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    Light in the darkness

    Though the Egyptians were plagued with three days of thick darkness, the Israelites still had light in their homes.

    According to Rashi, the Israelites were not only able to see what was happening in their own houses but could see what was happening in Egyptian homes too.

    There is a view that they used their ability to see to the advantage of the Egyptians, helping them to sustain their lives at a difficult time.

    If this view is correct, it shows that there was a decent relationship between the two groups and suggests that the Israelites conducted themselves as neighbours and did not act with any rancour or revenge towards their oppressors.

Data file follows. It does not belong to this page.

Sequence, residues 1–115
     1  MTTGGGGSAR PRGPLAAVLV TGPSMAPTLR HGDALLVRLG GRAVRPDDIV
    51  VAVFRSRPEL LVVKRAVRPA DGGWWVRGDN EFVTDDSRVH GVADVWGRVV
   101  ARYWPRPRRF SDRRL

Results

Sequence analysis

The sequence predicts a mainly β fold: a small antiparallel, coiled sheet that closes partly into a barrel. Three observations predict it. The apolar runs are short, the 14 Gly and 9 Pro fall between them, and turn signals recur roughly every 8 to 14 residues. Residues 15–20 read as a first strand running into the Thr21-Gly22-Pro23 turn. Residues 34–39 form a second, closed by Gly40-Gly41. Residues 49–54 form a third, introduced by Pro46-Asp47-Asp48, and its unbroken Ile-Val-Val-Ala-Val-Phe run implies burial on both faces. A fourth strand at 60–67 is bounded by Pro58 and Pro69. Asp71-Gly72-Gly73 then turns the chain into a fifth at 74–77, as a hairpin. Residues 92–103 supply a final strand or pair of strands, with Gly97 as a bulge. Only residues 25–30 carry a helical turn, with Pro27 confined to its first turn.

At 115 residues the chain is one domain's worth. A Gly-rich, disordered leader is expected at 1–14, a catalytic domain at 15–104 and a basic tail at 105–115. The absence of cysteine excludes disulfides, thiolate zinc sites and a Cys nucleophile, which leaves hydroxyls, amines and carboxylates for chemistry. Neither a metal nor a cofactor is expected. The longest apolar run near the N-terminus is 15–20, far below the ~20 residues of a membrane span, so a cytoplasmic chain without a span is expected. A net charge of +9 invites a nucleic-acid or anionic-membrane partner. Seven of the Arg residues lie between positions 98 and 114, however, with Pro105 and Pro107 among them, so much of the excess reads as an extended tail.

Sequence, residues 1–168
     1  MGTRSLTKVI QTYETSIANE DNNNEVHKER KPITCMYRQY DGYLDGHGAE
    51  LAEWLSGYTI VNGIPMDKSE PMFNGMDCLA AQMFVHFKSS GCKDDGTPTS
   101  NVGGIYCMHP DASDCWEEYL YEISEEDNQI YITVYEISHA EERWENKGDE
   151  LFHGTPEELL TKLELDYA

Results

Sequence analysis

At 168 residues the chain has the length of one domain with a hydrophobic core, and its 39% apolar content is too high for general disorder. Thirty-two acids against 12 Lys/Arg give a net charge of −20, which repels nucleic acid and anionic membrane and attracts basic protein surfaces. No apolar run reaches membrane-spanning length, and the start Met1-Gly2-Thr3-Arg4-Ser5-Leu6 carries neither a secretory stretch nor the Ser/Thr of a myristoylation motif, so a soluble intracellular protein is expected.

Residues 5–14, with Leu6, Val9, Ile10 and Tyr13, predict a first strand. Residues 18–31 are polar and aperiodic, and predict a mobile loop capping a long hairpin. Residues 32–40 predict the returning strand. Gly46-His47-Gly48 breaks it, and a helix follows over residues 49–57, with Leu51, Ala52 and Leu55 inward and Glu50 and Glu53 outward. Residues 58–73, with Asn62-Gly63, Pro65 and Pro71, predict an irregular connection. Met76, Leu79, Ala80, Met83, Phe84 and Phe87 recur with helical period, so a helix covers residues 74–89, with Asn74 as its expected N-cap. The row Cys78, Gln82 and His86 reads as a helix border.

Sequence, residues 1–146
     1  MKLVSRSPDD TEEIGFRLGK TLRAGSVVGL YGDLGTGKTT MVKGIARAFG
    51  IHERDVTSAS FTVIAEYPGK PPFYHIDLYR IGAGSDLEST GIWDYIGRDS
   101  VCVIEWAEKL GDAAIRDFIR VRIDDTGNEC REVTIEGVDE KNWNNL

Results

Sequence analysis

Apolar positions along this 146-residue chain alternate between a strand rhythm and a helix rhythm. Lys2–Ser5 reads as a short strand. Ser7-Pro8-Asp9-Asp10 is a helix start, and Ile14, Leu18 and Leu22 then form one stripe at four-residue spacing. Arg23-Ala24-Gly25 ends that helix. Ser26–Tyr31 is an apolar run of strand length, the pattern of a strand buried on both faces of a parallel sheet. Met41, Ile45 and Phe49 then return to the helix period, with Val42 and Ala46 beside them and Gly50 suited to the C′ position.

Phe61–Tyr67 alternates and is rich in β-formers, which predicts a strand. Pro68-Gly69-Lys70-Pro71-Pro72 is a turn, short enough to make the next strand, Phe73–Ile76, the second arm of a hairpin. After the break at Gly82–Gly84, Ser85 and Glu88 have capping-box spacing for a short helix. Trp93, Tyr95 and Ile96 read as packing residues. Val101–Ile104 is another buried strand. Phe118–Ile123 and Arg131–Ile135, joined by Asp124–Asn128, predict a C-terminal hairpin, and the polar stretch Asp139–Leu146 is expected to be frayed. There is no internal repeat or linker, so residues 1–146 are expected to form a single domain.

Presumably they could have stolen whatever they fancied but restrained themselves, which indicates that an ethical instinct was at work.

    They probably also could have used the opportunity to escape and get out of Egypt without the Egyptians knowing.

    Why they did not escape at that point is hinted at in the Midrash, which says that they promised Joseph that they would not “force the hour” and leave before the set time, and this held them back from succumbing to temptation.

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